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Using behavioural analytics tools to counter IP theft

Posted: 21 Aug 2015 ?? ?Print Version ?Bookmark and Share

Keywords:IP protection? Kaspersky Lab? software? open source?

The process of securing intellectual property (IP) and confidential product data is increasingly becoming very difficult for many organisations. For one, companies under the helm of the electronics manufacturing industry are at risk, where hardware design progressively involves open source software.

All indications are that IP theft is on the rise. Just one example is the long-running lawsuit between a U.K. defence contractor, Meggitt, and its former employee who allegedly stole sensor specifications. It's hard to obtain precise numbers because few companies want to publicise their weaknesses and losses, but according to research by security firm Kaspersky Lab, one in five manufacturing firms reported a loss of IP in 2014. And a recent Vormetric Insider Threat Report found that 89 per cent of global senior business managers and IT professionals surveyed felt that their organisations were now more at risk from an insider attack than ever before.

Dashboard in a typical behavioural analytics tool

The dashboard in a typical behavioural analytics tool uses complex algorithms and data visualisation to provide a view of risky behaviour across all software projects and their participants over time.

Most electronics products have always been a combination of hardware and software, but increasingly software is the competitive differentiator among manufacturers. Just as systems manufacturers don't create every single hardware component in their finished products, the software included in the products, such as operating systems, device drivers and applications, usually also includes externally created code. This third-party code may be a commercial set of graphical controls, for example, but these code components are coming more frequently from open source software (OSS) repositories, such as those held on public repositories such as SourceForge.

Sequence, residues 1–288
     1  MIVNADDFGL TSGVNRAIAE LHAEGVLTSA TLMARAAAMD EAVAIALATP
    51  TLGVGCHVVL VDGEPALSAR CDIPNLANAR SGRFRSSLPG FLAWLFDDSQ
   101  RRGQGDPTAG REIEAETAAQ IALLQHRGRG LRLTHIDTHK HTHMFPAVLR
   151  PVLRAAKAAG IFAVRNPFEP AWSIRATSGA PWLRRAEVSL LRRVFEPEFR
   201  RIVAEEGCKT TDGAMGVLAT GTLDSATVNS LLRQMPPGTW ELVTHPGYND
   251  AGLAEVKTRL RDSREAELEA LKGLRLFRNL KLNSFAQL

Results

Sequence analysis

This software (both internally developed and OSS) and how it's assembled are just as much valuable IP of the company as the hardware designs. It's critical that adequate protections are applied to prevent IP leakage or theft.

Sadly, traditional cyber-protection tools don't look at who accesses source code and how they use it. They tend to focus on perimeter defence, preventing network and firewall breaches and guarding customers' personal information rather than monitoring who is accessing IP and what they're doing with it.

Code repositories are often set apart in silos, and software developers tend to work in isolation with their own processes, which makes close scrutiny difficult. There is also a volume issue; designers and coders may be performing thousands or millions of transactions with their code repositories, making it even harder to spot dangerous behaviours.

Behavioural analytics for IP protection

While traditional data analytics used in business has a broader focus on insights across a business, for example stock levels or customer purchasing history, behavioural analytics narrows that scope. It does this by applying a level of "understanding" to the data by forming data points into patterns of behaviour. This allows one to take seemingly unrelated data points and allow extrapolation and analysis of user or project behaviour.

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